What if the terrible was not terrible. What if beauty
was not absolute but gradated. Here a tale to break
the old equivalencies: Now a wolf is not a wolf
but a wolf is a girl. A tower is a tunnel, a stomach
just a darker world, we live where we live, we desire
what we fear what we love. A bloom is an apple is a gift
of poison. To bind into a book a story about surfaces.
To paint anything upon a cave wall except meaning.
You can be lulled by anything sharp, a briar or a
pinprick, but it’s the dull that bores. A metaphor requires
an inhabitation but what you receive is metamorphosis.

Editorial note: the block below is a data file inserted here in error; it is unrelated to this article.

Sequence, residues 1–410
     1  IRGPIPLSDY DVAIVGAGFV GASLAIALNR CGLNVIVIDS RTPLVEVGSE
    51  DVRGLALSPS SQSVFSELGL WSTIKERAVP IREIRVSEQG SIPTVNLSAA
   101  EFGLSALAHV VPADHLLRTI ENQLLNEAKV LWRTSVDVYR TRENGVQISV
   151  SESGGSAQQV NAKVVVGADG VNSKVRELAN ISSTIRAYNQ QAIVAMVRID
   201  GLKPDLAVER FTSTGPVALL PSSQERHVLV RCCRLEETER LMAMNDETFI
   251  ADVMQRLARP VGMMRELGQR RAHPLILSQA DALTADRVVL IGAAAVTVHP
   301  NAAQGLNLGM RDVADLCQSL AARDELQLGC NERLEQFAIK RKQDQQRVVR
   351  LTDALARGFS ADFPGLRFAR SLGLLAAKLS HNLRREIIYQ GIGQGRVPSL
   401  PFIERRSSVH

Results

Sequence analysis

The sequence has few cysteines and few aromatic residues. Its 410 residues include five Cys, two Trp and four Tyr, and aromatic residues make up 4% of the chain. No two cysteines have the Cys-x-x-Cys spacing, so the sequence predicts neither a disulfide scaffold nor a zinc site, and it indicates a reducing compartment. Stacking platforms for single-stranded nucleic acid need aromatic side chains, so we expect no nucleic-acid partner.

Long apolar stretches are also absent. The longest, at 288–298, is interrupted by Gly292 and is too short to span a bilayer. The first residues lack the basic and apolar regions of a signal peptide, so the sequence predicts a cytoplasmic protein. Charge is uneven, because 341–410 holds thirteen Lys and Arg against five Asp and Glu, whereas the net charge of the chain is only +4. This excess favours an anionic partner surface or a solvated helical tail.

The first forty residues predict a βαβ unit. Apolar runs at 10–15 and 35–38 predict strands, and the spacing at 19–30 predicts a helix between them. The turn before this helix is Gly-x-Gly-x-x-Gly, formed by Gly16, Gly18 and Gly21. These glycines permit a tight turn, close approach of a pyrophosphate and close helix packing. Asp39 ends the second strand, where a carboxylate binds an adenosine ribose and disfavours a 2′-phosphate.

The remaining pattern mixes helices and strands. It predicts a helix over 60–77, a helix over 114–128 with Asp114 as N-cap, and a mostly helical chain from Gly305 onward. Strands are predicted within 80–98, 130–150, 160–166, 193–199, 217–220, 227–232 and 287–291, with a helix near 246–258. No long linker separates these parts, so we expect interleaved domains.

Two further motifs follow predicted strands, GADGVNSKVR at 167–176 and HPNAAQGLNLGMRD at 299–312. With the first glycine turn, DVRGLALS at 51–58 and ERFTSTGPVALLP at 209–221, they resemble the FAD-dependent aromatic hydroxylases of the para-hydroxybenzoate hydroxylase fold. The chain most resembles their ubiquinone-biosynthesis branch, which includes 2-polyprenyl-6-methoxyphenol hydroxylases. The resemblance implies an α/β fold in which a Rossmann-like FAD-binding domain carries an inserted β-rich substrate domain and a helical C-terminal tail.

When the wolf takes the stage then to the newly deaf
there is little difference between a howl and a yawn.
Whatever difference exists is found in the teeth,
in the shape of the tongue’s lolling punctuation,
is it an exclamation or a query, is it something
harbored in the wrinkles of the eye, the bellow
of the nose. A qualifier unspoken, except in the body
language of an abstraction. A snake that eats
its own tail lets other prey escape.
Matt Bell‘s novel In the House upon the Dirt between the Lake and the Woods was published in 2013 by Soho Press. He is also the author of two previous books, How They Were Found and Cataclysm Baby, and his work has been anthologized in Best American Mystery Stories and Best American Fantasy. He teaches creative writing in the MFA program at Northern Michigan University.